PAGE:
Category Archives: McRae GA

The Lawn Ranger, McRae

I photographed this truck in 2010. It’s still one of my favorites and a good example of the ingenuity of our small-town businesses. It definitely got my attention.


Statue of Liberty Replica, 1986, McRae

This local version of the Statue of Liberty was built by the Lions Club of found and recycled materials in 1986, as a tribute to the national symbol during its centennial year. It is a well-known landmark to travelers through McRae, and though not a perfect replica, is a great example of hometown ingenuity. It’s the centerpiece of a small park honoring Telfair County’s fallen soldiers, which also features a replica of the Liberty Bell.

Queen Anne House, Circa 1890, McRae

This beautifully maintained Queen Anne has been in the same family since its construction.

Southern Railway Depot, McRae

This may have been built in the 1890s but I can’t find an exact date. It’s been used for storage in recent years, I believe, but appears to be in deteriorating condition. It would be a great restoration project for McRae.

Telfair County Courthouse, 1934, McRae

McRae was designated the Telfair County seat in 1871 (replacing Jacksonville) and a courthouse was constructed in 1873. A more modern structure was completed in 1904 and served until burning in the early 1930s.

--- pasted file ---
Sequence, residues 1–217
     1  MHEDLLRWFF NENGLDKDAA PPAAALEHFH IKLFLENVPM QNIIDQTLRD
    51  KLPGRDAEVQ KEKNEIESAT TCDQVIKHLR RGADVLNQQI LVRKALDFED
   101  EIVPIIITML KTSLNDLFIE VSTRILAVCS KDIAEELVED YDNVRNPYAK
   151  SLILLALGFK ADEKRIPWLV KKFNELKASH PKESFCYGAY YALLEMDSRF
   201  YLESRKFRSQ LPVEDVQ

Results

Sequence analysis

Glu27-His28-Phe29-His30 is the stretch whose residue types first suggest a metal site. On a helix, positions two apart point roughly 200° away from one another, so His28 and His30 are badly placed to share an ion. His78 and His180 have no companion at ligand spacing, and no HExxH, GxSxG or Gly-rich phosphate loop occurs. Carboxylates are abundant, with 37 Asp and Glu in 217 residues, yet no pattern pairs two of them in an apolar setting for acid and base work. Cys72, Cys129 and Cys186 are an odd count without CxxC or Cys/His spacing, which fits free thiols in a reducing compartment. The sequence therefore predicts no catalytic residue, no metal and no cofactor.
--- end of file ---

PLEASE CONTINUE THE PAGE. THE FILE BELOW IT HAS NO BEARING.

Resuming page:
The present structure was built in 1934, incorporating some of the brick walls from the 1904 structure. It was designed by the Macon firm of Dennis & Dennis.

National Register of Historic Places


Telfair County Jail, 1902, McRae

Few historic jails of this age are still in use but Telfair County’s is an exception. It’s been renovated in recent years and additions have been made. This was a common style for jails in the early 20th century.

National Register of Historic Places


Mr. T’s Barber Shop, McRae

Neoclassical Revival House, McRae


Folk Art Mural, McRae

mcrae ga henry llee gorham small grove folk art photograph copyright brian brown vanishing south georgia usa 2010

I’ve driven past this a hundred times, and stopped for the first time only today. It occupies nearly an entire side of a small rectangular concrete block structure and heralds the work of folk artist Henry Lee Gorham.